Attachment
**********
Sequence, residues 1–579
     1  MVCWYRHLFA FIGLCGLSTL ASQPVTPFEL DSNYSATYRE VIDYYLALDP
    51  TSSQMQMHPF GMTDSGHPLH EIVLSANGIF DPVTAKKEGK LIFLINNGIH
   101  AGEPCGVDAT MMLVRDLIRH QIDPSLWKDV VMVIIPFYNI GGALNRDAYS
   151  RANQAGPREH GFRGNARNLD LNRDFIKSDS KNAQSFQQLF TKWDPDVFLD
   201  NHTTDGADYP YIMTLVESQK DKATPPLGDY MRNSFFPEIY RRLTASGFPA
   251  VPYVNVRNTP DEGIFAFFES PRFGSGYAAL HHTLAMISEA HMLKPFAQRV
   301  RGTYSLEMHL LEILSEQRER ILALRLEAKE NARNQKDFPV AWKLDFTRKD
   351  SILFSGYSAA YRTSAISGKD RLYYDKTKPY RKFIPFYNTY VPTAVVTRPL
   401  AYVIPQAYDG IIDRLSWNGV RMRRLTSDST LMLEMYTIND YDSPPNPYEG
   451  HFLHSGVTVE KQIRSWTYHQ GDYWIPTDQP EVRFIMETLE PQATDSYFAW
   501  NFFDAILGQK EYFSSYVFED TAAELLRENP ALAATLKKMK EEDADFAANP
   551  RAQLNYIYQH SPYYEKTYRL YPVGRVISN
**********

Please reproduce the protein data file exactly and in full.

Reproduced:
Sequence, residues 1–579
     1  MVCWYRHLFA FIGLCGLSTL ASQPVTPFEL DSNYSATYRE VIDYYLALDP
    51  TSSQMQMHPF GMTDSGHPLH EIVLSANGIF DPVTAKKEGK LIFLINNGIH
   101  AGEPCGVDAT MMLVRDLIRH QIDPSLWKDV VMVIIPFYNI GGALNRDAYS
   151  RANQAGPREH GFRGNARNLD LNRDFIKSDS KNAQSFQQLF TKWDPDVFLD
   201  NHTTDGADYP YIMTLVESQK DKATPPLGDY MRNSFFPEIY RRLTASGFPA
   251  VPYVNVRNTP DEGIFAFFES PRFGSGYAAL HHTLAMISEA HMLKPFAQRV
   301  RGTYSLEMHL LEILSEQRER ILALRLEAKE NARNQKDFPV AWKLDFTRKD
   351  SILFSGYSAA YRTSAISGKD RLYYDKTKPY RKFIPFYNTY VPTAVVTRPL
   401  AYVIPQAYDG IIDRLSWNGV RMRRLTSDST LMLEMYTIND YDSPPNPYEG
   451  HFLHSGVTVE KQIRSWTYHQ GDYWIPTDQP EVRFIMETLE PQATDSYFAW
   501  NFFDAILGQK EYFSSYVFED TAAELLRENP ALAATLKKMK EEDADFAANP
   551  RAQLNYIYQH SPYYEKTYRL YPVGRVISN